RNA viruses are known for the diseases they cause in humans, from the common cold to Covid-19, and they infect plants and animals important to humans.

These viruses carry their genetic information in RNA instead of DNA, and RNA viruses evolve at much faster rates than DNA viruses, and while scientists have classified hundreds of thousands of DNA viruses in their natural ecosystems, RNA viruses have not been studied.

The discovery resulted in a doubling of the number of known RNA viruses from 5 to 10 (websites).

new search

This is what prompted a group of researchers to try to analyze the genetic material in the ocean, which resulted in the identification of thousands of previously unknown RNA viruses, which doubled the number of reefs or biological groups of viruses that were believed to exist, and team members published the results of their study. New in the journal Science.

The research team consists of a number of researchers in microbiology at Ohio State University, and the researchers explain in their article published on the website "The Conversation" that unlike humans and other organisms made up of cells, viruses lack unique short stretches of "Di". An A" could serve as a genetic barcode without which trying to distinguish between different types of viruses in the wild would be difficult.

To overcome this obstacle, the team decided to identify the gene that codes for a specific protein that allows the virus to replicate its genetic material, because it is the only protein that all RNA viruses have in common, and it plays a key role in how they reproduce. Viruses have slight variations in the gene that codes for a protein that can help differentiate virus types.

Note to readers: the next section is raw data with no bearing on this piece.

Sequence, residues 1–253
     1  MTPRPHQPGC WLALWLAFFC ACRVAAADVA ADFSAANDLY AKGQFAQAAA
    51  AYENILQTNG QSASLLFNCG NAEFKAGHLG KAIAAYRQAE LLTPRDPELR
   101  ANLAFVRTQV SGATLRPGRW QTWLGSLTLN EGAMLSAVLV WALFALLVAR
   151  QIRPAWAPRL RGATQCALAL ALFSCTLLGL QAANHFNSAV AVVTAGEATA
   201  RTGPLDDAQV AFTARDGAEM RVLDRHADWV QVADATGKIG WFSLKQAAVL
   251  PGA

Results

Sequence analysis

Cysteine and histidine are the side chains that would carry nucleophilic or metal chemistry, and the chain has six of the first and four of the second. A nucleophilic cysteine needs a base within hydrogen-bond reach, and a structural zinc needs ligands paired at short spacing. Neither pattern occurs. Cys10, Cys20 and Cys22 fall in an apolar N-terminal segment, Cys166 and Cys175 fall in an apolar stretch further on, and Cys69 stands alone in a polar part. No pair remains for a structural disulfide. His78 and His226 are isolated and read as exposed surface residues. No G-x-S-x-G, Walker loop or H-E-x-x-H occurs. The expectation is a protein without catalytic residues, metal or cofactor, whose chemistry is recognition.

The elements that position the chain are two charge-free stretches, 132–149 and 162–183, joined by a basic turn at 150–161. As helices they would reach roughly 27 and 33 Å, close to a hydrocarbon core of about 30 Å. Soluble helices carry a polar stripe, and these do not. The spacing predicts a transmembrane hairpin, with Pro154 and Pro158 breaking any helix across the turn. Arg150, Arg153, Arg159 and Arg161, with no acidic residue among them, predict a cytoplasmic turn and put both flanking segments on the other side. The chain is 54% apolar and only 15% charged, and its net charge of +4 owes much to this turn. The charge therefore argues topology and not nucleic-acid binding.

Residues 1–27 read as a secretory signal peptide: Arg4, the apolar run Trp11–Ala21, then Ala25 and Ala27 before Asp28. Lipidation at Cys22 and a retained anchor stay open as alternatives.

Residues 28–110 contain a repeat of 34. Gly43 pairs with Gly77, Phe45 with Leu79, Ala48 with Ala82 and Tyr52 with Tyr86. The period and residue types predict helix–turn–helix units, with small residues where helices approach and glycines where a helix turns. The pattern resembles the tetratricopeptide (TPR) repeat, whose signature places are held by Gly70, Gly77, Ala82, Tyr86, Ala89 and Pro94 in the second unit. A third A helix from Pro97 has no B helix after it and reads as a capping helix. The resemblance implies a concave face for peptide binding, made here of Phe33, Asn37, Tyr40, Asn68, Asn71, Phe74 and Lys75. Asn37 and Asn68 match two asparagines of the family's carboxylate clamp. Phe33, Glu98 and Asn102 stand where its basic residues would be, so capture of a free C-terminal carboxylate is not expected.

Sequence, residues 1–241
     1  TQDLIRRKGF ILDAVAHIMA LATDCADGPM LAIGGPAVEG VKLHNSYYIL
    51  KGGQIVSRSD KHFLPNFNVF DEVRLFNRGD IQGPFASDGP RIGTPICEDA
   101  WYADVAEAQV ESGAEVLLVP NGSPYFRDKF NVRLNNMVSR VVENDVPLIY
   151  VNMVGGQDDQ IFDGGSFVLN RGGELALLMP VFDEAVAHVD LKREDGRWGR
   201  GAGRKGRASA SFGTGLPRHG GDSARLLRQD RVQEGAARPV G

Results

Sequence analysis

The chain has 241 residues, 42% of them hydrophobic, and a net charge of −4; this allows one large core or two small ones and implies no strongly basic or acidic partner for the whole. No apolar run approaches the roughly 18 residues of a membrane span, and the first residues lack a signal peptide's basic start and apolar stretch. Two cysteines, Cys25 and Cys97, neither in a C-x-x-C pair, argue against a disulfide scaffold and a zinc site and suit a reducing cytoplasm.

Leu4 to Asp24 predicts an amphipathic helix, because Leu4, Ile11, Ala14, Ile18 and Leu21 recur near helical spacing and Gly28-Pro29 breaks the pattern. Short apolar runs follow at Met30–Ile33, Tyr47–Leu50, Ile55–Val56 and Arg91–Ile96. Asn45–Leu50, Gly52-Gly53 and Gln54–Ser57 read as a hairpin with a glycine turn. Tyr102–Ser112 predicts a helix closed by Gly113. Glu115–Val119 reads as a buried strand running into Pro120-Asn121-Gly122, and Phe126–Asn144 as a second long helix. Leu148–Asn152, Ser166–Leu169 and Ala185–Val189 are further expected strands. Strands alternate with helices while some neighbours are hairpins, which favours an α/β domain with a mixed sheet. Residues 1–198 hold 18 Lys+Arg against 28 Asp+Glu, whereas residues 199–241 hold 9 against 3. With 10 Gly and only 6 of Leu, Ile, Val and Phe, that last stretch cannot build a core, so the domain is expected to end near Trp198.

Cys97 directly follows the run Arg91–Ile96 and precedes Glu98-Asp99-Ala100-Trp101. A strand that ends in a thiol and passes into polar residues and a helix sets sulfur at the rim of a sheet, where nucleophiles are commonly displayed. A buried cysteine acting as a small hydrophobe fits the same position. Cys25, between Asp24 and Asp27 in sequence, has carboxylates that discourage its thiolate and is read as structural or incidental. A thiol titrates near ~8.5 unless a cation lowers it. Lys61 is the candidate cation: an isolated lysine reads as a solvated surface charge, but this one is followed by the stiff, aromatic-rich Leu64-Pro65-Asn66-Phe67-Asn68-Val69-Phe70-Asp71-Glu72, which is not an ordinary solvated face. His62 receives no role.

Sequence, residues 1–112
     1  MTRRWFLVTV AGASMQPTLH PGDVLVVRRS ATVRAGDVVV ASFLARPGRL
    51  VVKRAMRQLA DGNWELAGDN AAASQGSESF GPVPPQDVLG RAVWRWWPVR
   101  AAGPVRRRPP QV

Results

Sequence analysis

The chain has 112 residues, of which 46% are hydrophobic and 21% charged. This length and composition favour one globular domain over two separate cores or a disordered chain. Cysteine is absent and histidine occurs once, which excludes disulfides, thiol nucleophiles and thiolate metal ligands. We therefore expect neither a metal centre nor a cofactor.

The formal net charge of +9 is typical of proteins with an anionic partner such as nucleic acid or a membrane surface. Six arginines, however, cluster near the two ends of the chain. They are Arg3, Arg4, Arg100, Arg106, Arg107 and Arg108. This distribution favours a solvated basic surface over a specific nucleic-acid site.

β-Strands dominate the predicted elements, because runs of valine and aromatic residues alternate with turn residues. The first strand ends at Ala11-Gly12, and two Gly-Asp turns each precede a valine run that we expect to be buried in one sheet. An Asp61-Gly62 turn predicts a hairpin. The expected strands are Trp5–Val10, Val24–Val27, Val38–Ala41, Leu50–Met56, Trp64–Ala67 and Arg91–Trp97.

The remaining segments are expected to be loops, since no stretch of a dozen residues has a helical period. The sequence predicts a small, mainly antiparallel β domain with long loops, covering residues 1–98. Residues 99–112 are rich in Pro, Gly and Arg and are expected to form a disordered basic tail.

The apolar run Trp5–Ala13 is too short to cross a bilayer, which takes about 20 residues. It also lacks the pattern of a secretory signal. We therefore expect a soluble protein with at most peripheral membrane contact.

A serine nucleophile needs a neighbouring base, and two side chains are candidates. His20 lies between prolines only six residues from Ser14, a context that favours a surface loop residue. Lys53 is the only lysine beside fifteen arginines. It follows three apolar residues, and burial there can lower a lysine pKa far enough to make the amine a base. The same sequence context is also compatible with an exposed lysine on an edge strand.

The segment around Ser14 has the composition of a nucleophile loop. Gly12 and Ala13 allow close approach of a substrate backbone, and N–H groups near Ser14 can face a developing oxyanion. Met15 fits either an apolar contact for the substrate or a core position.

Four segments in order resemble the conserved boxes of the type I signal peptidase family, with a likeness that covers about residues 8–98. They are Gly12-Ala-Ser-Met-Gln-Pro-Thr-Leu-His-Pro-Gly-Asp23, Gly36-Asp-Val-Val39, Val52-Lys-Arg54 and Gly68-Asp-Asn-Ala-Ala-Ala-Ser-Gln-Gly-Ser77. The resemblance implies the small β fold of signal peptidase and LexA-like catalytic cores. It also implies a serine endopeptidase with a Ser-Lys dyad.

There are more RNA viruses in the oceans than researchers previously thought (websites)

So the team examined a global database of RNA sequences from plankton collected during the Tara Oceans expeditions, a 4-year ocean research expedition.

Plankton are any aquatic organisms that are too small to swim upstream, a vital part of ocean food webs and a common host for RNA viruses. The team's examination eventually identified more than 44,000 genes that code for virus proteins.

new viruses

Later, the team used a form of artificial intelligence called machine learning, to systematically organize these sequences and detect differences more objectively compared to performing this task manually, and the team identified a total of 5,504 new marine RNA viruses, which doubled the number of R. NA" is known from 5 to 10 corals.

Mapping these new sequences geographically revealed that two of the new reefs, Taraviricota, named after the Tara expedition, or Arctiviricota - Arctic Ocean viruses - were particularly abundant across vast ocean areas, with regional preferences. Either in temperate or tropical waters.

This map shows the distribution of RNA viruses across the ocean (websites)

The team believes that Taraviricotta may be the missing link in the evolution of the "RNA" viruses that researchers have been searching for for a long time, linking two different known branches of these viruses that differed in how they multiply.

These new sequences will help scientists better understand not only the evolutionary history of RNA viruses, but also the evolution of early life on Earth, as the Covid-19 pandemic has shown that RNA viruses can cause deadly diseases, but they also play a vital role in systems Environmental as it can infect a wide range of organisms, including microbes that affect environments and food webs at the chemical level.

Locating RNA viruses in the world could help explain how they affect organisms that drive many of the environmental processes that run our planet. The study also provides improved tools that could help researchers catalog new viruses as genetic databases grow.

What's Next?

Although many new RNA viruses have been identified, it is still difficult to determine which organisms they infect, and researchers' work is currently limited to portions of incomplete RNA virus genomes, in part due to their genetic complexity and technological limitations.

The team's next step will be to learn what types of genes might be missing and how they have changed over time, and revealing these genes could help scientists better understand how these viruses function.

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